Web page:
He was responsible for pioneering from scratch two projects which were to become national government policy. The first was to introduce Professional Fostering for delinquent and troubled teenagers. Hitherto pre-puberty children in care were mainly fostered while teenagers were placed in institutions. Stacey was convinced that putting a lot of unloved, insecure, often delinquent and troubled teenagers together exacerbated their problems while the institutionsto which they were sent became springboards for borstal and prison.

Carefully selected and well supported professional foster parents were paid a fee so that if a married couple fostered two youngsters they would earn for a very demanding job the equivalent of a teacher's annual salary. Foster care fees cost about half what it costs to keep a youngster in an institution. Professional Fostering was a great success and was introduced nationwide.

The second scheme, monitored from the start by the University of Kent, was Community Care for the Elderly. Instead of sending old people unable to care for themselves into old people's homes, each old person was individually assessed to see what services they would require in order to stay in their own homes. A package of care tailored to each old person's particular needs - from getting them up in the morning to putting them to bed at night and providing a daily meal - was provided by social work staff. Very often it was cheaper than the cost of care in an old people's home.

Stacey's Legacy[edit]

His autobiography, Who Cares, written shortly after he left the stipendiary ministry, is a trenchant and honest description of his experiences in the Church of England. Although out of print, it is occasionally available through second-hand book dealers, and is essential reading for historians of the Church of England in the twentieth century.

The Woolwich Project was probably the best last chance for a traditional, intensive model of parochial ministry. Much of what Stacey pioneered has become commonplace in the Church of England (for example, his fostering of ecumenical teams and shared premises), and some of his more radical proposals (such as nine out of ten clergy working in non-stipendiary ministry) may yet be required by the Church.

Summing up in his booklet on Nick Stacey's role in Social Services Don Brand says: 'Leading and managing social services requires men and women of the highest calibre with vision, intelligence and judgement. His success shows how imaginative leadership can overcome the constraints of bureaucracy.' Stacey showed the way for charismatic and dedicated people to follow in a demanding and fulfilling job.

Stacey claims his work as a Director of Social Services gave him a greater opportunity of Building the Kingdom of God than he would have had if he had stayed in the ecclesiastical structures. He said: 'I accept that I have failed to have much influence on the Church but I am grateful to God to have had an opportunity to have had some influence in what has often been described as the Secular Church.'

In 2005 he was awarded the Cross of St Augustine, given personally by the Archbishop of Canterbury "for outstanding service within the Church of England whether centrally or in the dioceses, or the Anglican Communion as a whole, and to those who have contributed to advancing relations between the various Christian communions and churches."[1]

Kendall House[edit]

In 2006 Stacey was interviewed as part of the British Library’s oral history series, National Life Stories, under the title of “Pioneers of Charity and Social Welfare”[4].   In the interview about his role in the development of Social Care in Britain, Stacey revealed that during his time as Director of Social Services he did not uncover abuse that warranted referral to the police.    A few weeks after Stacey died in 2017 the BBC’s Religious Affairs correspondent, Callum May, wrote an article on the BBC website that linked those remarks with Kendall House, a Church of England-run children’s home in Gravesend where vulnerable girls were routinely medicated, restrained and abused.  Amongst the residents was campaigner Teresa Cooper, whose persistence across three decades led to the Kendall House review, which finally brought the full story of abuse to daylight. The independent review’s 2016 report[5] found the institution to have inadequate governance and oversight, made 19 recommendations for the Dioceses of Canterbury and Rochester and concluded that they should apologise to the women who had suffered abuse. The BBC article implied that Stacey, a Church of England parish priest in the 1960s, oversaw Kendall House and must have known of the abuse and failed to report it.    A complaint to the BBC was upheld and the BBC accepted that as a Church of England home Kendall House was not overseen by Stacey, that he was not responsible for Kendall House and that it was not “unavoidable that Stacey would have known what was going on but failed to report it”. The Church Times which also ran the story published letters clarifying the mistake.  The revelations of abuse at Kendall House served to underline the importance of Stacey’s pioneering role in the introduction of Professional Fostering.  Professional Fostering removed vulnerable children from institutions such as Kendall House and placed them in family homes.  The initiative was subsequently introduced by Social Services throughout the UK.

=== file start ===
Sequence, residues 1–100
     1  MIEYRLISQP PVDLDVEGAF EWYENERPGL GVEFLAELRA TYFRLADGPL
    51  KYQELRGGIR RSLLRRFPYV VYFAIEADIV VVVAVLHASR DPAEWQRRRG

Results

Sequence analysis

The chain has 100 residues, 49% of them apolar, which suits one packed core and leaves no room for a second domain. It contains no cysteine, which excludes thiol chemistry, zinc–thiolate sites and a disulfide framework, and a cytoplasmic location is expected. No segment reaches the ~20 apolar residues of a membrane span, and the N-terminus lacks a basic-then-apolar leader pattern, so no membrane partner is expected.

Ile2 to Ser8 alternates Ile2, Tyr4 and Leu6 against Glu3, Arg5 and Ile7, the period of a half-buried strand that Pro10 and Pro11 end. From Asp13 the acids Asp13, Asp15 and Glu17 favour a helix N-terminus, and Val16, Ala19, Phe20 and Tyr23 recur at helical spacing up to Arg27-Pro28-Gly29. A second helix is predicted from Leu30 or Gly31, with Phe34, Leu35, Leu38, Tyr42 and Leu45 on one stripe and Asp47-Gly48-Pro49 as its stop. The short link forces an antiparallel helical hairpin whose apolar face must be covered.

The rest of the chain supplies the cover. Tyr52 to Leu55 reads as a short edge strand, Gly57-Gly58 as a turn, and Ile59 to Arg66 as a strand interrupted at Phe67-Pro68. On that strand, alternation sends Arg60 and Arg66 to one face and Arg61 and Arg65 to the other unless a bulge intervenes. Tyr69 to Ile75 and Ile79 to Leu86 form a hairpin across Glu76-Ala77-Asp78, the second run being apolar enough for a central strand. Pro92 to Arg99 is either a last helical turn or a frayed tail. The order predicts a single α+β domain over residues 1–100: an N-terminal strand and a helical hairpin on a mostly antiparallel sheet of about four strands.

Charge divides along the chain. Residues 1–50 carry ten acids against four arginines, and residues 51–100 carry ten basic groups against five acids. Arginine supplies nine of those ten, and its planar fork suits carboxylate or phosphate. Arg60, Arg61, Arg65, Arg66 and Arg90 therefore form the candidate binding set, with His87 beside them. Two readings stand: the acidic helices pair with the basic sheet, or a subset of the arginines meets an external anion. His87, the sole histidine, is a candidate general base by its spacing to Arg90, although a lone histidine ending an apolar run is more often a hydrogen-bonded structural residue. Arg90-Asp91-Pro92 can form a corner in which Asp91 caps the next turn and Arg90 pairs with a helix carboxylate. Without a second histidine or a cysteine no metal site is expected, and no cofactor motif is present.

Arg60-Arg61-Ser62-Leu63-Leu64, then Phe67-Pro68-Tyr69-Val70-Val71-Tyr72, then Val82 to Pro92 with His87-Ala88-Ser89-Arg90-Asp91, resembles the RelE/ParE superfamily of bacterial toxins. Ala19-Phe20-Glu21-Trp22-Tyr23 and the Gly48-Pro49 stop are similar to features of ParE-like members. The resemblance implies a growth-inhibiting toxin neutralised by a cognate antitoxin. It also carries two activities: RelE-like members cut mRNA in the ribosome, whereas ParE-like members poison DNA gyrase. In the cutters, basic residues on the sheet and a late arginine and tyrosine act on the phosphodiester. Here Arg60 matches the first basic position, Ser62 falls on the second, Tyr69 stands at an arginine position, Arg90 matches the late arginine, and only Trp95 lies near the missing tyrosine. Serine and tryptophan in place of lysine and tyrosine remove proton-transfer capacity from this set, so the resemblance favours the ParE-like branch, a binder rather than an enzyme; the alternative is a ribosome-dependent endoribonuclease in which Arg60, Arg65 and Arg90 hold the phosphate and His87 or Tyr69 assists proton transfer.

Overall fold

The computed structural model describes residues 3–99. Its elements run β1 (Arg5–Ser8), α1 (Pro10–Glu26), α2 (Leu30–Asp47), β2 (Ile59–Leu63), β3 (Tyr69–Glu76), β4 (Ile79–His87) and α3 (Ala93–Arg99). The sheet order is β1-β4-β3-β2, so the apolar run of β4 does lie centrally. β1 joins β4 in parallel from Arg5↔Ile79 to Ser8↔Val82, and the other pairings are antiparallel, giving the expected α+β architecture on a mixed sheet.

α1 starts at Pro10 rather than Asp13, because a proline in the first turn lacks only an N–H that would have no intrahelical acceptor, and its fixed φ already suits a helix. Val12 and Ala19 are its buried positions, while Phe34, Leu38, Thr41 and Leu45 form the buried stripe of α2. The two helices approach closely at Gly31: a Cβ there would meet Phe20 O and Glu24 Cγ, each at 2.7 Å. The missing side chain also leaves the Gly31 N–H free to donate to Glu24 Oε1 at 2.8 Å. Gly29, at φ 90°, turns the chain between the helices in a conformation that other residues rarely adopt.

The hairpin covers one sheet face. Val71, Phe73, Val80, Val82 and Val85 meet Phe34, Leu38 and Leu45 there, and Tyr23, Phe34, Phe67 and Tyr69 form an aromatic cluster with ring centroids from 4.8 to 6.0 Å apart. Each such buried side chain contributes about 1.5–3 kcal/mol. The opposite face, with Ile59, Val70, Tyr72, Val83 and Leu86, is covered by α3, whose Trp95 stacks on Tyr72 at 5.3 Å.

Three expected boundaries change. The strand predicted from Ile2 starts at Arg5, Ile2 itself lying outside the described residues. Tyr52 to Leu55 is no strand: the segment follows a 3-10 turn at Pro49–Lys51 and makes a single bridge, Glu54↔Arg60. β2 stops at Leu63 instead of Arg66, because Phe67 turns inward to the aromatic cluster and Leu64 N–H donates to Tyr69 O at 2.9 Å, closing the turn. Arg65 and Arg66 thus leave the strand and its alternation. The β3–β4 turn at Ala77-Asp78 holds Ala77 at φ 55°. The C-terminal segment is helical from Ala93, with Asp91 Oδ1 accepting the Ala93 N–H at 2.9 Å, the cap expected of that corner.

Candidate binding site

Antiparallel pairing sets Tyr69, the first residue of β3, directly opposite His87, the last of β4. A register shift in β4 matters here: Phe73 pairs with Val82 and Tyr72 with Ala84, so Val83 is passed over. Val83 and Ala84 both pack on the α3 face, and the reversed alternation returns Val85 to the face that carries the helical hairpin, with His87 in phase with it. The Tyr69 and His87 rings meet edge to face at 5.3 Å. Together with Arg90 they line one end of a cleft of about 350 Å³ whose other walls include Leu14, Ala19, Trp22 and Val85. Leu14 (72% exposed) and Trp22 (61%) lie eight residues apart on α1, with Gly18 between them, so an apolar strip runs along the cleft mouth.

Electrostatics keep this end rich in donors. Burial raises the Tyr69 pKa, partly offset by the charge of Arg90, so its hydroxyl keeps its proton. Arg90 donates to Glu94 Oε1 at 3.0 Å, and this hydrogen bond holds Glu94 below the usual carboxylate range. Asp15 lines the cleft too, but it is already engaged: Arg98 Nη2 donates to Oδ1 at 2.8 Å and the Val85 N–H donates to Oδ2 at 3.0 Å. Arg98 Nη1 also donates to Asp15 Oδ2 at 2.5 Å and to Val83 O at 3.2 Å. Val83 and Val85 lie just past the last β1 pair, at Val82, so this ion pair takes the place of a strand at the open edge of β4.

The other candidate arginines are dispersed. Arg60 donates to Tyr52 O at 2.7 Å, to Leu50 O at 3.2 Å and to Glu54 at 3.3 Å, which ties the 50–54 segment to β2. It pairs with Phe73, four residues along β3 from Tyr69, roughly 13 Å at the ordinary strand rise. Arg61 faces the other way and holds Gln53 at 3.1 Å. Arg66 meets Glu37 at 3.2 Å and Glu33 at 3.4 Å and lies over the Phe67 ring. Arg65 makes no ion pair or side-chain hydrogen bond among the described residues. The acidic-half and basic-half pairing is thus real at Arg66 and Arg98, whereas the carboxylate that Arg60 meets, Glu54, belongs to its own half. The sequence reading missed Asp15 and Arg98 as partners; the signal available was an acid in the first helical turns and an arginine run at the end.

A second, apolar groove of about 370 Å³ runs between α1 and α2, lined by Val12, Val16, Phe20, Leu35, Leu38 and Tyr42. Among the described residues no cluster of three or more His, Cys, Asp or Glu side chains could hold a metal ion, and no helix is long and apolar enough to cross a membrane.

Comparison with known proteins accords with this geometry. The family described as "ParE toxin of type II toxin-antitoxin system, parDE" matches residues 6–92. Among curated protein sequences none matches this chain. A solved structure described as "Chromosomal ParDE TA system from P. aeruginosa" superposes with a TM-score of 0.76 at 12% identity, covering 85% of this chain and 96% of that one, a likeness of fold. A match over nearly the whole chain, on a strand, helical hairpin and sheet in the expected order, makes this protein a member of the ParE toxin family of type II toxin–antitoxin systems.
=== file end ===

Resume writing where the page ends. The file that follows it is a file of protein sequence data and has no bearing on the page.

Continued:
Sources[edit]

  • Nicolas Stacey, Who Cares (London: Anthony Blond, 1971) ISBN 0-340-18477-9
  • Trevor Beeson, Rebels & Reformers, (London: SCM Press, 1999) ISBN 0-334-02792-6
  • Mark Chapman, ‘Theology in the Public Arena: The case of South Bank Religion’ in Jane Garnett, et al., (eds.), Redefining Christian Britain: Post 1945 Perspectives, (London: SCM Press, 2007) ISBN 0-334-04092-2
  • Michael Hinton, The Anglican Parochial Clergy: A Celebration, (London: SCM Press, 1994) ISBN 0-334-02672-5
  • Don Brand, A Study in Leadership, Nick Stacey and Kent Social Services, (Brand Book, PO Box 254, Selling, Faversham, Kent ME13 3AG)


References[edit]

https://www.theguardian.com/society/2017/may/14/the-rev-nicolas-stacey-obituary https://www.telegraph.co.uk/obituaries/2017/05/09/reverend-nicolas-stacey-reform-minded-anglican-obituary/ https://www.thetimes.co.uk/article/rev-nicolas-stacey-8dcrgm9w8